Warehouse first quarter sales drop

Almost all categories were using the model by the end of the quarter.

Warehouse Group's first quarter sales were weaker than the year-earlier period after the retailer changed the pricing strategy at its flagship 'red shed' discount department stores to "everyday low pricing".

Sales fell 1.7 percent to $645 million in the first quarter ended Oct. 29, the Auckland-based company said in a statement. The Warehouse discount department stores posted a 5.2 percent decline in sales to $357.9 million while Warehouse Stationery sales dropped 7.2 percent to $59.1 million. In contrast, sales at its Noel Leeming appliance and technology chain lifted 6.3 percent to $195.1 million, while Torpedo7 sports goods sales increased 3.7 percent to $39.2 million.

Under the leadership of chief executive Nick Grayston, who took over from Mark Powell in December 2015, Warehouse has embarked on a three-year strategy to lift profitability by removing the complexity and cost of an inefficient operating model and reshaping the company's physical footprint to support the digital business. Grayston said today that weaker sales at The Warehouse in the first quarter had been an anticipated effect from the company's transition to the 'everyday low pricing' (EDLP) model as it lowered prices across its ranges.

"The reduction in first-quarter group sales was anticipated under the EDLP strategy in The Warehouse which continues to show encouraging results at gross margin level," Grayston said.

Almost all categories were using the model by the end of the quarter and gross margins at The Warehouse were similar to the same period last year, reflecting a mix of generally higher margins on 'everyday low pricing' ranges combined with clearance activity as discounted ranges were exited, he said. Volumes of product sold increased 7 percent, in part reflecting the success of its 'dollar deals' programme for groceries.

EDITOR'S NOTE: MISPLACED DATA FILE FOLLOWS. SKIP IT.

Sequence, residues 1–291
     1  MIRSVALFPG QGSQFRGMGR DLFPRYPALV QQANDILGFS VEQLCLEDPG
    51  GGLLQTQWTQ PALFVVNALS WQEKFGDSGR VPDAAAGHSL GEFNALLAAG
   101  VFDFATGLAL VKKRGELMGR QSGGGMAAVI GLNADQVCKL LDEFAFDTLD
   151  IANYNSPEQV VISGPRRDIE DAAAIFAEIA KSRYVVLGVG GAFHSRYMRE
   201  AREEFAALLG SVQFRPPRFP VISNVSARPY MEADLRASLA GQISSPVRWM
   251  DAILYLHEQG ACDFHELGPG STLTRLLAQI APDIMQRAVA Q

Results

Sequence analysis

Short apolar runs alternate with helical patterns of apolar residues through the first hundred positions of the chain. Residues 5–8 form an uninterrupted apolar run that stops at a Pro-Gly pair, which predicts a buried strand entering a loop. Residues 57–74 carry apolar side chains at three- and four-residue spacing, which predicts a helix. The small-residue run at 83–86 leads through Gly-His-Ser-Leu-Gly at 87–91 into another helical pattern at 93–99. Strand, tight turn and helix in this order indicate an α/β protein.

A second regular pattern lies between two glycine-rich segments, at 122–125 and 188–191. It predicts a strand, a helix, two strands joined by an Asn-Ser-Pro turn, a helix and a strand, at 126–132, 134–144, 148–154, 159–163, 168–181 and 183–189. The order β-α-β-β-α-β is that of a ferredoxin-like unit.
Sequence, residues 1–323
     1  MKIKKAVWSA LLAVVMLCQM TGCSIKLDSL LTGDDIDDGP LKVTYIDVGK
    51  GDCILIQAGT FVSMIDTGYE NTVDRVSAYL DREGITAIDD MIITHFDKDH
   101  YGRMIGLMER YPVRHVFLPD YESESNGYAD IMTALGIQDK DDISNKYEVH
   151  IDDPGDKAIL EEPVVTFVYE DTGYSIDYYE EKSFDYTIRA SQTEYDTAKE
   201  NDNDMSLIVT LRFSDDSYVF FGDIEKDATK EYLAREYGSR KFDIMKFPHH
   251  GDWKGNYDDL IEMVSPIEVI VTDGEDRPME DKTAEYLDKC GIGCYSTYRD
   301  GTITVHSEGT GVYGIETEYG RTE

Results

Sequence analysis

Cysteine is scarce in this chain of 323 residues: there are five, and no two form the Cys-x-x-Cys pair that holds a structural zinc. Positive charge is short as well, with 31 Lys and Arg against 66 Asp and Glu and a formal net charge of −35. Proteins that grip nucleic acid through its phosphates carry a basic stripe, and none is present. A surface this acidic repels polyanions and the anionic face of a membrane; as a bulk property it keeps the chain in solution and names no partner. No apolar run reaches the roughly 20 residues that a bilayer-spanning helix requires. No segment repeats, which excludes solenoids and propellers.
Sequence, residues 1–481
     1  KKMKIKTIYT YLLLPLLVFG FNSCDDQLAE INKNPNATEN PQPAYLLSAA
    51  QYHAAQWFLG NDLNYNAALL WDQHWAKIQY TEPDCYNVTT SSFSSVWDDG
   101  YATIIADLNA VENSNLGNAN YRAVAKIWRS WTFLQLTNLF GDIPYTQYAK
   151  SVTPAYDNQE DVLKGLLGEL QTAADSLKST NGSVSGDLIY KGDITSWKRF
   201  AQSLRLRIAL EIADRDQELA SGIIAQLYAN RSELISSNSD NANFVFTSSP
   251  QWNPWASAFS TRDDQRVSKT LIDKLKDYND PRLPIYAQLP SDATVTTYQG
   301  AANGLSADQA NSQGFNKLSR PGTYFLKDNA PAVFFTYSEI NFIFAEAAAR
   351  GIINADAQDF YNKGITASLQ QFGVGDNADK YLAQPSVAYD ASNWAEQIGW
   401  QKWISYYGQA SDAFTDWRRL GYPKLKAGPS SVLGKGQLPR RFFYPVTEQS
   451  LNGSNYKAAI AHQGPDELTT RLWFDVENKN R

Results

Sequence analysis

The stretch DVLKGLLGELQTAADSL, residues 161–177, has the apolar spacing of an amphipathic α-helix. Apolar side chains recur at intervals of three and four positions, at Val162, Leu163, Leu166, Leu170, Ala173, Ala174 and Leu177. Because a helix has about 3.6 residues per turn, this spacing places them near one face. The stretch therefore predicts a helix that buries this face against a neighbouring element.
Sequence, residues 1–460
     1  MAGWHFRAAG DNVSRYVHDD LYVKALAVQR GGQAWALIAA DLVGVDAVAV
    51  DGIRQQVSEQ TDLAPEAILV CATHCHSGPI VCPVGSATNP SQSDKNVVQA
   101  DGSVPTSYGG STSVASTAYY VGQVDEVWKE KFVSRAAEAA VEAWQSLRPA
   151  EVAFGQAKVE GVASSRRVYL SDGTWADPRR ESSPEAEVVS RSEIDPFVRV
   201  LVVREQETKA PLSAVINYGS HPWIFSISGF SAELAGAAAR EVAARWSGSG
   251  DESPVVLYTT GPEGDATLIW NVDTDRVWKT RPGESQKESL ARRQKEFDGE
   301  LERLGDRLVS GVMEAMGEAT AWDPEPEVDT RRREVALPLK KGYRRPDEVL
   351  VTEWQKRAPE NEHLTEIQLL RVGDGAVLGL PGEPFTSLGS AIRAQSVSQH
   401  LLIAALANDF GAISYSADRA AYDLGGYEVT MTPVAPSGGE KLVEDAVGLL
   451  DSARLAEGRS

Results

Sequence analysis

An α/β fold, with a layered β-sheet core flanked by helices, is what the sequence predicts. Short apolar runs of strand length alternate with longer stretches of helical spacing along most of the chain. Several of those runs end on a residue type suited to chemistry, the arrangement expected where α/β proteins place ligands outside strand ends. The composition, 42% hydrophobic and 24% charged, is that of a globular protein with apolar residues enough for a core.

While The Warehouse continued to trade well in the apparel category, with sales and margin increasing from a year earlier, some seasonal outdoor categories such as gardening, outdoor furniture and BBQs were impacted by the wet weather in the early part of Spring, the company said.

Grayston said he was disappointed with the performance of Warehouse Stationery which he attributed to a systems integration between it and The Warehouse during the quarter.

"This change caused some disruption to the business, particularly in stock availability which impacted sales in the quarter," the company said. Some high-value sales categories including computer products and communications underperformed during the quarter, contributing to the sales decline, it said.

Still, gross margins increased as the sales mix changed towards higher margin categories and the Stationery business is expected to return to normal trading levels as the business heads into the critical Christmas and Back to School periods, it said.

The company added one Noel Leeming store in Auckland during the quarter, and the chain reported strong growth in the communications, audio and whiteware categories.

Its Torpedo7 unit had strong sales at its physical stores and through the 1-day segment, partially offset by decline online sales, particularly in the Australian market, it said.

Warehouse Group said its online sales increased 9.2 percent to $46.6 million from a year earlier, and now make up 7.2 percent of all sales.

The company ended the quarter with 93 The Warehouse stores, 78 Noel Leeming stores, 69 Warehouse Stationery stores, and 11 Torpedo7 stores.

Warehouse Group didn't provide an earnings outlook with today's release and has previously said it expects to provide an annual forecast at the end of its second quarter.

Its shares last traded at $2.10 and have shed 29 percent the past year.


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